Most of us think that the term Black Friday originates from “in the black” which in accounting terminology means for turning a profit. After all, the day after Thanksgiving is one of the biggest shopping days of the year and represents the beginning of the huge Christmas Sales season.
The truth is, however, that the term relates to a darker past. The Holiday shopping season began with a bang offering unbelievable deals right after Thanksgiving many years before the term Black Friday was coined. Similar to what happens today, stores were mobbed, traffic was jammed, and people, being people, often behaved badly in an effort not to miss these deals.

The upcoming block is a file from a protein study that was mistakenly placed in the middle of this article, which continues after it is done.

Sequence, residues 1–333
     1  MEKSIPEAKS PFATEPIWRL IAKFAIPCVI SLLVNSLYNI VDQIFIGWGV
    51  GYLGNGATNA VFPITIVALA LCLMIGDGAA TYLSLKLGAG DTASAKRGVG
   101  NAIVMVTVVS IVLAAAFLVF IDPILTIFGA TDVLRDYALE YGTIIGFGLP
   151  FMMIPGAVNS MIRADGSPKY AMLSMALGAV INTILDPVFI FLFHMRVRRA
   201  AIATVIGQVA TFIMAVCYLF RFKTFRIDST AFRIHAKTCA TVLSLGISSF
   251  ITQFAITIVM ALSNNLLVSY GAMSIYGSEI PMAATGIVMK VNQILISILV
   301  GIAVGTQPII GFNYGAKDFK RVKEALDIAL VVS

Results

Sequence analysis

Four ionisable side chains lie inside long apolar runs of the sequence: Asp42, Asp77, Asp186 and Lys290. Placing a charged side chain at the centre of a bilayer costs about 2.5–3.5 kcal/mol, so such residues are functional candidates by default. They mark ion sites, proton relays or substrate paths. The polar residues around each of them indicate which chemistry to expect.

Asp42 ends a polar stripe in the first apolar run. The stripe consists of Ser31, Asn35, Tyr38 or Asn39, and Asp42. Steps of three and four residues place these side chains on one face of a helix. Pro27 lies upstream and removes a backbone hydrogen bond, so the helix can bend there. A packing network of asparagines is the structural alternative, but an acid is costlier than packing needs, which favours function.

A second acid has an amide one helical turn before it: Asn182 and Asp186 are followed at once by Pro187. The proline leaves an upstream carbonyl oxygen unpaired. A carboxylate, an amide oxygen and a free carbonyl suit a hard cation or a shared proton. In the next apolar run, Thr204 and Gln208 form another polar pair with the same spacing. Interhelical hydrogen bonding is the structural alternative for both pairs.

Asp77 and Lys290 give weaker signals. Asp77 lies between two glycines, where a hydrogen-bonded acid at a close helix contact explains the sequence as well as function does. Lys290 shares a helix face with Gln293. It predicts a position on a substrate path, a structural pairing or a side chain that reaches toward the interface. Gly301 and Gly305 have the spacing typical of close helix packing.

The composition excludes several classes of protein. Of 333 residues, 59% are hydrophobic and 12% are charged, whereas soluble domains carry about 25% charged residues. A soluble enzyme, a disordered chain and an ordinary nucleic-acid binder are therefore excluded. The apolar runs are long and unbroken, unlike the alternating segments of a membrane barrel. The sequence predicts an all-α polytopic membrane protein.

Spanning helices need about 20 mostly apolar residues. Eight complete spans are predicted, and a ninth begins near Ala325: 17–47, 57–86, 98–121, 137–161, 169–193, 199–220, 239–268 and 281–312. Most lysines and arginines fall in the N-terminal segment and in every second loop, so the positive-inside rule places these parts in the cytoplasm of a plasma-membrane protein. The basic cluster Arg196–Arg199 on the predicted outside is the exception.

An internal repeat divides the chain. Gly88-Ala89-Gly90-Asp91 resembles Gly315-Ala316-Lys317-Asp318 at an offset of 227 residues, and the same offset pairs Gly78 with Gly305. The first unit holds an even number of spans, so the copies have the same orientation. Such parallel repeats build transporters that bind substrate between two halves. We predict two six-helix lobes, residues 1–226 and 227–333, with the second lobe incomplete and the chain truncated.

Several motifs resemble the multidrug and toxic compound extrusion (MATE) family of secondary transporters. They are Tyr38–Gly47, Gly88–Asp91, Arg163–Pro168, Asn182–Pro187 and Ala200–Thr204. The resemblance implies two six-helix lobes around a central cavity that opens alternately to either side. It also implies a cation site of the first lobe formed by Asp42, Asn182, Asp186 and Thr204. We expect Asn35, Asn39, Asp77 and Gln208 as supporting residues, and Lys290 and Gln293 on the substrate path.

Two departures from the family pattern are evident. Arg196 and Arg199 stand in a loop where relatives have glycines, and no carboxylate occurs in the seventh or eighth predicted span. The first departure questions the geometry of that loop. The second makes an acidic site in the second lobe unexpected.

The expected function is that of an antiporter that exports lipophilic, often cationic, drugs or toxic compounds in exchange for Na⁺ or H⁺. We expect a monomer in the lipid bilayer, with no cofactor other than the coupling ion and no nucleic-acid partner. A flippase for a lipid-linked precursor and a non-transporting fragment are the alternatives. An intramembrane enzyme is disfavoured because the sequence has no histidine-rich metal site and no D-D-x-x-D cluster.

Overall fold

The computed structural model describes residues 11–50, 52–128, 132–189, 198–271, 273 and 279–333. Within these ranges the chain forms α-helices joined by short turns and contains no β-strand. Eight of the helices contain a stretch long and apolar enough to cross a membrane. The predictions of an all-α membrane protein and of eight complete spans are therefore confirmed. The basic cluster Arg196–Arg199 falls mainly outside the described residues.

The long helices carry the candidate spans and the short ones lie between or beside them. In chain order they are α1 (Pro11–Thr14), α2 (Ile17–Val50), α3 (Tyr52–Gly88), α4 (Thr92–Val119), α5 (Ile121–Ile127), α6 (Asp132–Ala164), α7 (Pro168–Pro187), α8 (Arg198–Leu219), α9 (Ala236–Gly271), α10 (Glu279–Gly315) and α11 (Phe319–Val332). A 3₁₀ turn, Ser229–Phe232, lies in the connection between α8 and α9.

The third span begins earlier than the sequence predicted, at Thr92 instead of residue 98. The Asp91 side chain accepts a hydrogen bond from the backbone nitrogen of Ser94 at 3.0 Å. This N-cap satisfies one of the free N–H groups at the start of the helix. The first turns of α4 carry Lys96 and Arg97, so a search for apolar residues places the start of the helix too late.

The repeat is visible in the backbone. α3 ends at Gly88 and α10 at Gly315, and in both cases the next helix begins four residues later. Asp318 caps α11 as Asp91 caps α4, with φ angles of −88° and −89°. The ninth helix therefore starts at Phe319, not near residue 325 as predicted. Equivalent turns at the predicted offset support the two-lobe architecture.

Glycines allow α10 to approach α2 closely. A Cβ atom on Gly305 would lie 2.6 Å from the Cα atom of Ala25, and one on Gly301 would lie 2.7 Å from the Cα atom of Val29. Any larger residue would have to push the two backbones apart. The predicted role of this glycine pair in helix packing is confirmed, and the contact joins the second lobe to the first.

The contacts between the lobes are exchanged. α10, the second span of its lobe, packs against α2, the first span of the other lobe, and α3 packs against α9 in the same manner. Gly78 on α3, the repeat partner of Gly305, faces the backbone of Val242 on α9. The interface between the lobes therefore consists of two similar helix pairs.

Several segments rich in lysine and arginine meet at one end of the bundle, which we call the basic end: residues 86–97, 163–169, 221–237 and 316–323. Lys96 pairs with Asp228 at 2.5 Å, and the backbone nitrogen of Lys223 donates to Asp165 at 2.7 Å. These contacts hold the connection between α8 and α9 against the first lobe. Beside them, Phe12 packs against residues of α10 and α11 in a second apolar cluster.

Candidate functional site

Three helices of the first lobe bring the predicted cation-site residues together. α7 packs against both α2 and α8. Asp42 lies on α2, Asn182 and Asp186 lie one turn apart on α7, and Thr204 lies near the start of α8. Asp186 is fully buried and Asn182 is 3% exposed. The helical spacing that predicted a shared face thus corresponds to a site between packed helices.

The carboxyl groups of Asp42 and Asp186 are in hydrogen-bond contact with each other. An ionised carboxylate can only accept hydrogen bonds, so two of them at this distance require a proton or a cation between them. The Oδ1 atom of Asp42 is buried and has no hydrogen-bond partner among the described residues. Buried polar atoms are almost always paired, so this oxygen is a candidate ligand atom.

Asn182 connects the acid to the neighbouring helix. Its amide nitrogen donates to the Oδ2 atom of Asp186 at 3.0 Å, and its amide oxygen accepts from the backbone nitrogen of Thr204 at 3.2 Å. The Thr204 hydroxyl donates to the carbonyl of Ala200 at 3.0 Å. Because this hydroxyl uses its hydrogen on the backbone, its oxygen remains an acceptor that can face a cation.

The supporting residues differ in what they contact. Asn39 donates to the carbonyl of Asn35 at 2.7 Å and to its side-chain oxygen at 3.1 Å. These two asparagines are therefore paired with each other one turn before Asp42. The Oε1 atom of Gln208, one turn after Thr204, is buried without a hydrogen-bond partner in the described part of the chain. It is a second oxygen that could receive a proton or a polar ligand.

The scene in Philadelphia, where the Army-Navy football game was regularly played on the weekend after Thanksgiving, was especially bad. Legend has it, that around 1966, the Philadelphia Police Department began to refer to the day after Thanksgiving as “Black Friday” with the hope that people would find the craziness of this period distasteful and opt out of the madness. It was a derisive terms to reflect a really bad day in the life of a Philadelphia policeman.
The term rapidly gained in popularity, but not for the reasons originally intended. By the 1980’s, the idea that “Black Friday” referred to the notion of retailers trying to move their companies into the black gained steam. Finally, the retailers got on board, and coopted the term creating one of the biggest sales days of the year.